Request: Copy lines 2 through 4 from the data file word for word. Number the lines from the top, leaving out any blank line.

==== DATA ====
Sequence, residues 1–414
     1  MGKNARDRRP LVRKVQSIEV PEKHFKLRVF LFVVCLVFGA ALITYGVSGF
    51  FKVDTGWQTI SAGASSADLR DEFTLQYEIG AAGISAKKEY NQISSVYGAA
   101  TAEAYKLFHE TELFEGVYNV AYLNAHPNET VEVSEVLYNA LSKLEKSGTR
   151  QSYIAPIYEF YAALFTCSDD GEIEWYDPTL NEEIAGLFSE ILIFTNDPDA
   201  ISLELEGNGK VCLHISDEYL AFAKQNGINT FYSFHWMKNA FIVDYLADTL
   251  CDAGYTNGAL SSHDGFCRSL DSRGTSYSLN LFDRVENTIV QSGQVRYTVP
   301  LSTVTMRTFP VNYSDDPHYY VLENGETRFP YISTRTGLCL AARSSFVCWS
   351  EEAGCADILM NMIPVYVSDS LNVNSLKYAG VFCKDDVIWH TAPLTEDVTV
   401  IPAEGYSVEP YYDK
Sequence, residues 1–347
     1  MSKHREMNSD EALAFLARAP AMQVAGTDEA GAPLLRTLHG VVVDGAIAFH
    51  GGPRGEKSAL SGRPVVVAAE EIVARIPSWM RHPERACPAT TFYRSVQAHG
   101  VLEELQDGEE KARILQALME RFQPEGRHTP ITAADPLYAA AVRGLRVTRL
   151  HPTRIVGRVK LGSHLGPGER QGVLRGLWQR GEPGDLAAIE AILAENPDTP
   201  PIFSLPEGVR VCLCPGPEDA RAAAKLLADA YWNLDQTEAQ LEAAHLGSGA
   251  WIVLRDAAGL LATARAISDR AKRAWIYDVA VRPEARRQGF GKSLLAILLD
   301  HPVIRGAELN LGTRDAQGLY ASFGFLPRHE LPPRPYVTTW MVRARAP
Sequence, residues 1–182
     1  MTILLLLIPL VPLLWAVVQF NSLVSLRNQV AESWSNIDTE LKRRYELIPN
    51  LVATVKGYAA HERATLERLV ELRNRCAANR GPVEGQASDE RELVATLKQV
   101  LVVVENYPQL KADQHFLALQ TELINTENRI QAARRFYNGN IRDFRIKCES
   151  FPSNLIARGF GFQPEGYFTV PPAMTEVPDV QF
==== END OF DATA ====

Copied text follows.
     1  MGKNARDRRP LVRKVQSIEV PEKHFKLRVF LFVVCLVFGA ALITYGVSGF
    51  FKVDTGWQTI SAGASSADLR DEFTLQYEIG AAGISAKKEY NQISSVYGAA
   101  TAEAYKLFHE TELFEGVYNV AYLNAHPNET VEVSEVLYNA LSKLEKSGTR